The honey-glistening chicken, onions and green peppers jump around while the hot oil and butter pop furiously as Que-Lan Duong flips her wok with the grace of an artist at her canvas. For more than 30 years, Duong, known as Linda to her regular customers, has poured her heart and soul into the kitchen at Vietnam Coast.
Vietnam Coast has occupied the space at 2910 Hillcroft only since 1993, but the family has been in the restaurant business since 1981. The first iteration opened downtown as To Chau (tow-chow) in 1981. Duong has opened four other restaurants since then, but the only one remaining is the location at Hillcroft near Westheimer in Southwest Houston.
According to Duong, there is no real secret to having longevity in this industry. "Sometimes, I work 12- to 16-hour days because I love my customers and I love feeding them good food. You have to love that part to make it work," she said. Along with her two sisters, Diep and Huong, Duong is careful to use the freshest ingredients and quality proteins and produce in the French- and Vietnamese-inspired dishes she makes. Ap chao (aup-chow) is a recipe she takes pride in bringing to Houston. It is a pan-fried rice noodle usually sautéed with beef and Chinese broccoli. "I remember, many years before, when we were the first to make this dish, customers would drive 45 minutes to pick it up; nowadays, every Vietnamese restaurant has this dish on the menu, but we were the first."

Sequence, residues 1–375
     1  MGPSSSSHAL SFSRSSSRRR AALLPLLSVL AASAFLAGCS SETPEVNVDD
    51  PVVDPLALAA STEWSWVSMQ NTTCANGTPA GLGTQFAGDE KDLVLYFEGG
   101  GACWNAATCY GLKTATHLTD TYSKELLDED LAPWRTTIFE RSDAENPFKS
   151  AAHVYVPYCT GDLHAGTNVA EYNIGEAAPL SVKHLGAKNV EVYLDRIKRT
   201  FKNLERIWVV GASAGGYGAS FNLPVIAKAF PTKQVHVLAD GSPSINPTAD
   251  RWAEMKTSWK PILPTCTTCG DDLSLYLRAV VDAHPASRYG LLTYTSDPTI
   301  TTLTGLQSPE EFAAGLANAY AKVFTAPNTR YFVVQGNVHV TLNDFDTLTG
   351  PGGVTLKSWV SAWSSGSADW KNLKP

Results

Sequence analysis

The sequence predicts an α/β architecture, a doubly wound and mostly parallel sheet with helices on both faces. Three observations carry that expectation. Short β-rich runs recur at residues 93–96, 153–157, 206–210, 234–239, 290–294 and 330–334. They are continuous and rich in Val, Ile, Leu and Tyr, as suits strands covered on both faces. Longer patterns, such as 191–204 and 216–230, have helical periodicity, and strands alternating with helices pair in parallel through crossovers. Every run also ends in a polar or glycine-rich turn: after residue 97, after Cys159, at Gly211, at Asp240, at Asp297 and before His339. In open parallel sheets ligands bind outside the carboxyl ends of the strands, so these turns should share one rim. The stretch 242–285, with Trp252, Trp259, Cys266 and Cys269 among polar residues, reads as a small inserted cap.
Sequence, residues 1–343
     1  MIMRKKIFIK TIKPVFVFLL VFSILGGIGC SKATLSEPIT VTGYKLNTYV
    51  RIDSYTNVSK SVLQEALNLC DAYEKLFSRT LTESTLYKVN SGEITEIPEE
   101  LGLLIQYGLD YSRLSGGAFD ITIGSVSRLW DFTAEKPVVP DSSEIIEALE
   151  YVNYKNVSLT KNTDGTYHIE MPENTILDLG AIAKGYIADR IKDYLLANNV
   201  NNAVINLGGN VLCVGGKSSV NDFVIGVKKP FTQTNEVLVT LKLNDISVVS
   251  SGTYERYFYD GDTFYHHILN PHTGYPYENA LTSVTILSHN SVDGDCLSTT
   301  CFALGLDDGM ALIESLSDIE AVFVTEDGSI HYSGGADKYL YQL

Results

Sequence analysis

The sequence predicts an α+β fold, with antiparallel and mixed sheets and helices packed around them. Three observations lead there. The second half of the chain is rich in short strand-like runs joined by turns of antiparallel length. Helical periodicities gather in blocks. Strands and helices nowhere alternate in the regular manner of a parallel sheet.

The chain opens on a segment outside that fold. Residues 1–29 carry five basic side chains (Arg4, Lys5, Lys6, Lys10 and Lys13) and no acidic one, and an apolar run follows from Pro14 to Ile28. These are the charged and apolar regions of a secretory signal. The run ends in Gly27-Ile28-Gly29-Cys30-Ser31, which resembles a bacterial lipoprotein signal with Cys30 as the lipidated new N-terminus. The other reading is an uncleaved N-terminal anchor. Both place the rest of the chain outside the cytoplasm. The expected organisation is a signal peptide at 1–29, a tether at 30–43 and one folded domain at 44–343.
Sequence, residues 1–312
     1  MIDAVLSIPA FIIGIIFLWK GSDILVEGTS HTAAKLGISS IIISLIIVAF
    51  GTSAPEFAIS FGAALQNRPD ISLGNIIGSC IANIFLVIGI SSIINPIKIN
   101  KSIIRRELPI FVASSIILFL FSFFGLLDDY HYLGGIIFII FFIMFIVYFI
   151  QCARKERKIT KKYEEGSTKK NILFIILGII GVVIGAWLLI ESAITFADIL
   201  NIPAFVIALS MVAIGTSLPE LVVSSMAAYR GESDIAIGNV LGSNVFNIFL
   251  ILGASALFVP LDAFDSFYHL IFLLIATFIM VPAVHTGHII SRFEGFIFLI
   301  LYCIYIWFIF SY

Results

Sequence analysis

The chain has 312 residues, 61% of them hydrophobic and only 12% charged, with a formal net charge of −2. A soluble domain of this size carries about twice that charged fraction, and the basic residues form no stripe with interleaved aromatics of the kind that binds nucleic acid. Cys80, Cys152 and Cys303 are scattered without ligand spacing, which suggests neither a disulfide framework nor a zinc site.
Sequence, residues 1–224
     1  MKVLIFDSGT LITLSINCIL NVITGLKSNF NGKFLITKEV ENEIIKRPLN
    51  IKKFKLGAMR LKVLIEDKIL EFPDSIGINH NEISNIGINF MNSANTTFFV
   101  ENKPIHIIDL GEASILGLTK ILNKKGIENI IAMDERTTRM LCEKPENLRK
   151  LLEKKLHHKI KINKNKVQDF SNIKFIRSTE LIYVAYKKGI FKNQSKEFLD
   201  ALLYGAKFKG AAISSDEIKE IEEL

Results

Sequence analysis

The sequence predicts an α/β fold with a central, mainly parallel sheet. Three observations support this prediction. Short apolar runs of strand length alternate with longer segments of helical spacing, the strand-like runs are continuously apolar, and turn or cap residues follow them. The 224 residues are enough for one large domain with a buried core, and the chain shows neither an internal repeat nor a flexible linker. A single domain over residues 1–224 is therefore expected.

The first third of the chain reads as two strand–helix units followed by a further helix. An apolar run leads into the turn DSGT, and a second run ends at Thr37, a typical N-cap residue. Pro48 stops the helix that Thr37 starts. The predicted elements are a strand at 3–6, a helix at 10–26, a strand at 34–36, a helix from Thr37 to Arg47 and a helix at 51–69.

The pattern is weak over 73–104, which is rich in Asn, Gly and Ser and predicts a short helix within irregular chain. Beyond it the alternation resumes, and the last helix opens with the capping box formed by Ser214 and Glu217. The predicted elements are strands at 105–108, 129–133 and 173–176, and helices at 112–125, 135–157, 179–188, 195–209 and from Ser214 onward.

Duong's regulars are finicky but loyal. She admitted that she often customizes many of the dishes on the 96-plus-item menu (down from the 300 items it used to have). "I believe that everyone is allowed to eat my food the way they like it best," she said. It doesn't hurt her feelings; a well-known distinction about Vietnamese dining is the opportunity for guests to self-spice. Most Vietnamese restaurants will leave fish sauce, soy sauce, chile paste, salt and pepper readily on each table for diners to create their own flavors.
Vietnam Coast is open 10:30 a.m. to 10:30 p.m. every day with happy hour specials on wine and beer between 3 p.m. and 7 p.m. House specials include the Vietnam Coast beef and chicken, which is similar to the more commonly known bo luc lac, or shaking beef. The banh xeo, a turmeric rice flour crepe stuffed with pork, shrimp, onions and bean sprouts, is also a good choice.
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